Of course, if you want to win the Global Talent War, recruitment isn’t the only option your company has. Don’t forget about your existing workforce!
Over a quarter of business leaders believe their employees (up to 49%) are preventing business progress, due to a lack of skills. Critical thinking and problem solving were highlighted as the most lacking, which is somewhat ironic.
If you want to be successful in the current business climate, a conversation needs to be had around upskilling and reskilling. It is the role of employers to identify skills gaps through critical thinking. It is also their role to solve the problem by facilitating their employees’ learning.
Many of your existing workers will welcome the chance to add a string to their bow. It’s an opportunity for growth and progression, which is both desirable for employees and integral to a company’s success. However, if the pandemic highlighted one thing, it is that your employees’ work-life balance cannot suffer for the benefit of your company.
Training is an investment. It is one that you make on your company’s behalf, even if it is your employees that acquire the knowledge. Therefore, it should be the company’s responsibility to provide not only access to that learning, but also the time it takes for the employees to learn their new skills.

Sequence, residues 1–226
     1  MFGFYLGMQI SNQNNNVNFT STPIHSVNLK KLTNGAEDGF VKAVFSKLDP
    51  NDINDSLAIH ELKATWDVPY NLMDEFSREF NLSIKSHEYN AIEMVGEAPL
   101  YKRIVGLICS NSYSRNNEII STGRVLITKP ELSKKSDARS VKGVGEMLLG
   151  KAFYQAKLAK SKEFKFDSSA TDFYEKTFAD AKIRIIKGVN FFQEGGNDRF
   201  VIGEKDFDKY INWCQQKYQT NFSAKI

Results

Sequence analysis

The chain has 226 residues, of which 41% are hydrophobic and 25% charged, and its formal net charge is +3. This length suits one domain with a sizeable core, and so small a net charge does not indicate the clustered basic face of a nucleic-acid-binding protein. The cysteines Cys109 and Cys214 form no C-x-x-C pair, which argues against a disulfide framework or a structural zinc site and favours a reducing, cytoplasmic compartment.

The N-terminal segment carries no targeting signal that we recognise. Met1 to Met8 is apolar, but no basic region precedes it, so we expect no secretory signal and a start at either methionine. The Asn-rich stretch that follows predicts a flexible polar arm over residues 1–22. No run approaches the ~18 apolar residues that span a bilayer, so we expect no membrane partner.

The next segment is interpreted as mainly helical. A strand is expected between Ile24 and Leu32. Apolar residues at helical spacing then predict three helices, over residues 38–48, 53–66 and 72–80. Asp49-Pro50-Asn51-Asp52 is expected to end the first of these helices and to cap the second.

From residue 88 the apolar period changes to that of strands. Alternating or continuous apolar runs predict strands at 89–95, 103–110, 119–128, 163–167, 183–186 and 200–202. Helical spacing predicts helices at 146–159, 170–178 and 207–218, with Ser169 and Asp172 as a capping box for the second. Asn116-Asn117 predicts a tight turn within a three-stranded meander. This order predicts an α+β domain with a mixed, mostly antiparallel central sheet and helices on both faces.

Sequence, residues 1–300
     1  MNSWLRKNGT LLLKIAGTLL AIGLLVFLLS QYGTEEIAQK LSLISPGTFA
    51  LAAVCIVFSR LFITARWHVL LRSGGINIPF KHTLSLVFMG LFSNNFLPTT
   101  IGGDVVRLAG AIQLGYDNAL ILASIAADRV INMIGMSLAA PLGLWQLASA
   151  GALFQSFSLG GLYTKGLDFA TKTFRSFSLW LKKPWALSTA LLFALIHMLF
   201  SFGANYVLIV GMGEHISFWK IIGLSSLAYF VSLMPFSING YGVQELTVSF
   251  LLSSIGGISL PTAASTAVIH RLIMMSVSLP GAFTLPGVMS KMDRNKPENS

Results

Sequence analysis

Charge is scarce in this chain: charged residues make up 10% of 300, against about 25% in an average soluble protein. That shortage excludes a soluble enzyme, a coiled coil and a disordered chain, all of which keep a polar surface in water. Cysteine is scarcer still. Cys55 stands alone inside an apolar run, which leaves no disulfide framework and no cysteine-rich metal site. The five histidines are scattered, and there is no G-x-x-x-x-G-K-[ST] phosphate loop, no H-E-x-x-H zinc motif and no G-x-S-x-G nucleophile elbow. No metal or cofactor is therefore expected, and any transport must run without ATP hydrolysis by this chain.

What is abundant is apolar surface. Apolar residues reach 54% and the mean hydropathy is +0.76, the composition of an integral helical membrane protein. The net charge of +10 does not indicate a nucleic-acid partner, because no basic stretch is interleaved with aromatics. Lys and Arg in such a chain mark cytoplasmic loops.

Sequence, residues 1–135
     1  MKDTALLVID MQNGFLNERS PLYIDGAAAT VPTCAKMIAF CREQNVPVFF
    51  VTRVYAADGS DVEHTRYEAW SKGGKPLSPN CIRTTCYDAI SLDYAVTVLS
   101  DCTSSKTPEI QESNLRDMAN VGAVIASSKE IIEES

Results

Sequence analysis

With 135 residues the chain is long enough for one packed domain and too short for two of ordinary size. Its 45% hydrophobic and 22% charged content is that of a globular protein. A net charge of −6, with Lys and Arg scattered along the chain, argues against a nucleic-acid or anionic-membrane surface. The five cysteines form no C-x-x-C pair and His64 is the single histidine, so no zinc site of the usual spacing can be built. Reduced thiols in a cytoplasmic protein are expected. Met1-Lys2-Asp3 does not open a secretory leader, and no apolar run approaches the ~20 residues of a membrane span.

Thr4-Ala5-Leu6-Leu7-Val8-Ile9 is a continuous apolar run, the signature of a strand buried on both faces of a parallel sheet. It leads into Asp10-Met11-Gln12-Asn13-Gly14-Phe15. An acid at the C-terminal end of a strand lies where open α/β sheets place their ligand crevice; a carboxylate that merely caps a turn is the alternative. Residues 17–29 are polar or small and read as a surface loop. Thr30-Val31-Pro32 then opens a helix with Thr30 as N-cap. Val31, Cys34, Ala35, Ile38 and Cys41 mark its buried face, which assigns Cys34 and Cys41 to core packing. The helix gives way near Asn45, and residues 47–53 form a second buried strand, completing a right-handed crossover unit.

This may also help with the problem of talent retention. In his City A.M. interview, co-founder and CEO of Beamery, Abakar Saidov, agrees: “… creating an environment that promotes talent mobility in which people want to stay, grow and develop is what will see the best engagement and retention of talent. For those moving too slowly, the consequences will be dire.”
The benefit of being proactive about in-house training is that you can create targeted courses to address your company’s specific needs. ‘One-size’ may fit all but it generally doesn’t flatter anyone; it is worth investing the time to understand what your company’s skill gaps are.
Here, too, is an opportunity for inclusion. Ensure your training is available to all. You never know whose talent might shine brightest.
How will your company fare in the Global Talent War? Are you on the winning side or do you need to change the way handle training and recruitment? Kirkwood Training and Skills can help your company address any skills or training gaps that it may have, tailoring courses to suit your specific needs. To find out more information, contact our team today.